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New Arrivals


Obtaining a rented home through the local council

This page is for new arrivals. If you are a housing adviser please click here for information more relevant to you.

Those who can apply to go on the council housing list or allocation scheme include people who:

  • are homeless (even if the council has no duty to help them because, for example, they have no children)
  • in temporary accommodation
  • in overcrowded or unhealthy conditions
  • need to move for work or family reasons
  • need different accommodation because of age, illness or disability
  • want more secure or cheaper housing
  • are existing council or housing association tenants who want to move.

Rules about who can actually apply for a housing allocation in England vary between local authority areas, because on 18th June 2012 the Localism Act introduced changes which enable councils to set their own local rules about who can apply to be on a housing register or waiting list. In 2013, the government also issued guidance recommending that local councils require applicants for housing to have been resident for at least two years, but also to make exceptions for people with family or work connections to the area, among others.  Some councils have introduced new residence requirements, and in some cases the requirement is longer than two years. However, these rules cannot discriminate directly or indirectly against particular nationalities or ethnic groups (for more on this see the page on what is discrimination?). Note: these rules and guidance do not affect homelessness assistance.

In Wales, local housing authorities cannot make general requirements about who can apply to be on a housing register or waiting list. The only people who can be excluded from the housing register or waiting list are:

This latter test can only be applied on an individual basis; there cannot be any broad exclusions. 

If you are eligible you can apply to go onto the list and include in your application anyone who can reasonably be included as part of your family or household, whether they are eligible or not. Their circumstances (such as overcrowding or medical needs) will also count towards the priority you get.

Every housing authority has to have a scheme under which they allocate housing to housing applicants. Most authorities give some priority to people who have a local connection with the area and some exclude people from going on the list if they have not lived in the area for a specified period, often called a 'residency requirement' or 'qualification'. Only eligible and qualified people can be offered accommodation, and eligibility is determined by immigration status and habitual residence.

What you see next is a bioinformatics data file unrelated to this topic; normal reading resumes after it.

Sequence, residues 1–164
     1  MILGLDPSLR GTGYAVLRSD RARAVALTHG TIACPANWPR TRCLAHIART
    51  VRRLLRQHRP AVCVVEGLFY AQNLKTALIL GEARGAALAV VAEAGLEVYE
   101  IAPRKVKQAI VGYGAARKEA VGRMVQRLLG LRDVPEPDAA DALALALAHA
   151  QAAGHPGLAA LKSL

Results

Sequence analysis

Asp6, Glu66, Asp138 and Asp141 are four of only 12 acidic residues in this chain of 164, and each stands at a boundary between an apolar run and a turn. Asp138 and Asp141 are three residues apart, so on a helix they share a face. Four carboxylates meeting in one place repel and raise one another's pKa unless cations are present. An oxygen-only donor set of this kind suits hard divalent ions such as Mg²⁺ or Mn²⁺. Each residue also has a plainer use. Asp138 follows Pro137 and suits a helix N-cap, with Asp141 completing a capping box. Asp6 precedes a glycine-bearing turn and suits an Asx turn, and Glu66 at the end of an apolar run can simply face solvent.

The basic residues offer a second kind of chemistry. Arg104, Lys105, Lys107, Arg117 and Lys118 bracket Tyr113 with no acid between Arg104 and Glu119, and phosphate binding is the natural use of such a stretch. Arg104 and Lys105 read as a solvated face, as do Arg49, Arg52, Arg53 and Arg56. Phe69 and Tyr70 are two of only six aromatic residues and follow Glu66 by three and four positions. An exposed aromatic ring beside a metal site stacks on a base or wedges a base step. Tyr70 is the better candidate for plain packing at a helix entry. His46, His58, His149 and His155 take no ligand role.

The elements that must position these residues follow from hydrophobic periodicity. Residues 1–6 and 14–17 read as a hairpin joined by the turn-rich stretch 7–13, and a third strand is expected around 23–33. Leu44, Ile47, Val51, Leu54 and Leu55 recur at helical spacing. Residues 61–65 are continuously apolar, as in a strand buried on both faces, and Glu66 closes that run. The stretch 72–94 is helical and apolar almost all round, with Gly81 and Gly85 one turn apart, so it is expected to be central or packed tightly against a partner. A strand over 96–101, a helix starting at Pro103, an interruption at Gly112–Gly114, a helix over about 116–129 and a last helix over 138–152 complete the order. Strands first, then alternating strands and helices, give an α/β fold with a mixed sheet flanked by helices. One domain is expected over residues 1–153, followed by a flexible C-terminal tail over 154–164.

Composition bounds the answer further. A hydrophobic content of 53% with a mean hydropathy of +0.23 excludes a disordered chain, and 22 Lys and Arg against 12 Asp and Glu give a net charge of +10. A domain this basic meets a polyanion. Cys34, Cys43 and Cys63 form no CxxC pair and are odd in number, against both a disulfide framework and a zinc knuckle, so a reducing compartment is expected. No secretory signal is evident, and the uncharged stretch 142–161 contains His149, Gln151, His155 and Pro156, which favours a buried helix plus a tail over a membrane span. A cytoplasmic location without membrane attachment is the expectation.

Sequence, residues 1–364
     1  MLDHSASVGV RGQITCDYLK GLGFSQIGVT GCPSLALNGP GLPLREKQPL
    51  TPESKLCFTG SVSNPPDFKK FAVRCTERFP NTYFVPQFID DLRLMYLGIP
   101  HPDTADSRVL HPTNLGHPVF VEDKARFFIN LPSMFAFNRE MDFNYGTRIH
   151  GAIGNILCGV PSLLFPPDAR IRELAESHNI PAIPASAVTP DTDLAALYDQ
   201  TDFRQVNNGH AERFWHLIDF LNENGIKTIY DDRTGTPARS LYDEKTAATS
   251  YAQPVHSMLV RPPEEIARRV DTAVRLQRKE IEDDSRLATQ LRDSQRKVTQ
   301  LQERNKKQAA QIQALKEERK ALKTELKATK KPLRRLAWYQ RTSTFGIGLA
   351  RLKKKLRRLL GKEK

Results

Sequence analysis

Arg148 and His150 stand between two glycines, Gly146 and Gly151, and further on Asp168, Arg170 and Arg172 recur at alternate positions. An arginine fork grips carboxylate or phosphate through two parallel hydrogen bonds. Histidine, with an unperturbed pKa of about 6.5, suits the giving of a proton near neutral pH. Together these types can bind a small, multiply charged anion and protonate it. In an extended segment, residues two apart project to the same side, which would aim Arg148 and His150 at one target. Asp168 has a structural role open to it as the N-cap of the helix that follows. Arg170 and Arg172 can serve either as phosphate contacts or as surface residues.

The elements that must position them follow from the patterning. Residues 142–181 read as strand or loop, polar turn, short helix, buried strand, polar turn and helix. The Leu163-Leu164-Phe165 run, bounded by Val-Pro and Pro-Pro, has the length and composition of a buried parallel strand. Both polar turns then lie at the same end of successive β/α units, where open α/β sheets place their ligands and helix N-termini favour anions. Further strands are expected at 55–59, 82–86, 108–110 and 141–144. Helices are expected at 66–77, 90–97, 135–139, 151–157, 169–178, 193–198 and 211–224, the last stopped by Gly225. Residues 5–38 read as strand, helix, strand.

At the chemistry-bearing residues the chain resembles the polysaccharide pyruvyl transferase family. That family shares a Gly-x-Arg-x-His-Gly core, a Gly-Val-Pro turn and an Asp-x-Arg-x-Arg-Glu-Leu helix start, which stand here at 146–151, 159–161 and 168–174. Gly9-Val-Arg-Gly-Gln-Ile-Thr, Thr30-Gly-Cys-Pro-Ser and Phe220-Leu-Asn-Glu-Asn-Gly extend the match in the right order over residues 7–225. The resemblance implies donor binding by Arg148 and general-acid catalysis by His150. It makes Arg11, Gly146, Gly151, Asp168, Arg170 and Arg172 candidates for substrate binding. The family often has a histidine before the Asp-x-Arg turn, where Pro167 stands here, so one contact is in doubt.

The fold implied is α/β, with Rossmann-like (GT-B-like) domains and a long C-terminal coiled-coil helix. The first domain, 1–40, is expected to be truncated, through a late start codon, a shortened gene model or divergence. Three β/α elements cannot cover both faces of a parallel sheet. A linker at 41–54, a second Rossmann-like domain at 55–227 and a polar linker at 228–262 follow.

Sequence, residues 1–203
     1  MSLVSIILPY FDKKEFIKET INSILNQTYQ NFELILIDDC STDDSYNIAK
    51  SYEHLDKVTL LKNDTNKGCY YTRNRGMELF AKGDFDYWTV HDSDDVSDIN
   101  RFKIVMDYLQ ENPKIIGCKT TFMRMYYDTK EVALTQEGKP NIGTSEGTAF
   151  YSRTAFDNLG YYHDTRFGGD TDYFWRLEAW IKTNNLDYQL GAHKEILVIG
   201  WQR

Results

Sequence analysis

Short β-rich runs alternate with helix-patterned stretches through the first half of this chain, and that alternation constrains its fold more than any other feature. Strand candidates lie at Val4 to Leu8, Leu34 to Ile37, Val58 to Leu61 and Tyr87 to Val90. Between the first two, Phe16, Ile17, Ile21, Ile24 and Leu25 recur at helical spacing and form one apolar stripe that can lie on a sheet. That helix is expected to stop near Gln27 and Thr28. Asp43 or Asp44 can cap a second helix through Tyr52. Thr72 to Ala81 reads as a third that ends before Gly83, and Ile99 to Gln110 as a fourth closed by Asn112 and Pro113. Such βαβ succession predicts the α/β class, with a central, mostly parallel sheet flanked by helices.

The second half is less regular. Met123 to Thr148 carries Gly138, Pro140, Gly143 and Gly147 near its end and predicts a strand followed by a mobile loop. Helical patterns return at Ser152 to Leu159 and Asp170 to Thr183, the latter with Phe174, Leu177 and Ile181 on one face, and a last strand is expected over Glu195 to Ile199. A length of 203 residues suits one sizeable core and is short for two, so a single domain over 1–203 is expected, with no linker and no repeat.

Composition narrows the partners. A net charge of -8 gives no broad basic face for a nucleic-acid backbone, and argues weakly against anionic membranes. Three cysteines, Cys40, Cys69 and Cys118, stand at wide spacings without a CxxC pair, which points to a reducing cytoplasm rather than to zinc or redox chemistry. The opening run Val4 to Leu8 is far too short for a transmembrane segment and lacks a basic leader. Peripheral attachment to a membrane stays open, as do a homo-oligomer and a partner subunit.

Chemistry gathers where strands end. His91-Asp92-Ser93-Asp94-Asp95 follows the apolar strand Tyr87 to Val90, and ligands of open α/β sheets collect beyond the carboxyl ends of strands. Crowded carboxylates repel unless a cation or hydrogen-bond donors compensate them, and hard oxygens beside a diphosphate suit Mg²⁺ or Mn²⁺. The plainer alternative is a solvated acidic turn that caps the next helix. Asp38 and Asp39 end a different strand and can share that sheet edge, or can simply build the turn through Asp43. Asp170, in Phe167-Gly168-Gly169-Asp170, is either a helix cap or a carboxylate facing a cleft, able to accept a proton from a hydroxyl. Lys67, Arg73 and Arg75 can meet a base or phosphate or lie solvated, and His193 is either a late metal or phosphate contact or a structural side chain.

Local authorities then have to prioritise the applications for any housing where demand exceeds supply. They must give priority to those living in poor conditions, people in social or medical need and those who are homeless. New long-term local authority tenancies and nominations to housing associations can only be granted to people on the list.

Local councils have different ways of allocating property but most use a choice-based lettings system. You apply, go on the list and are given points for the level of need that you have. Any available homes from the council and housing associations in the area are advertised in local housing offices, on the internet, in the local paper and other places, and you can bid for them if they are the type of home that you want. The home is allocated to the bidder with the highest number of points.

Some councils run their allocations scheme jointly with other local councils so that you can bid for homes from a much wider area.

A few councils still operate a different system. You still go on to a list and get points for your level of housing need (medical, social, housing conditions, homelessness, time waited and so on). When a home becomes vacant, the person with the highest number of points is offered it. If you refuse it, you may lose your place on the list, or be refused further temporary accommodation if homeless.

In order to find out whether or not a local council has a residency requirement, or any other sort of qualification, and to find out how a council prioritises all the people on its waiting list, you can search the council's website for a summary of its allocation scheme. 

Sometimes, councils refuse to put eligible applicants on the housing register because they do not understand the law. If this is because of your immigration status, but you are eligible, this is called discrimination. There is information about what you can do about this in the page on challenging discrimination.

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Chartered Institute of Housing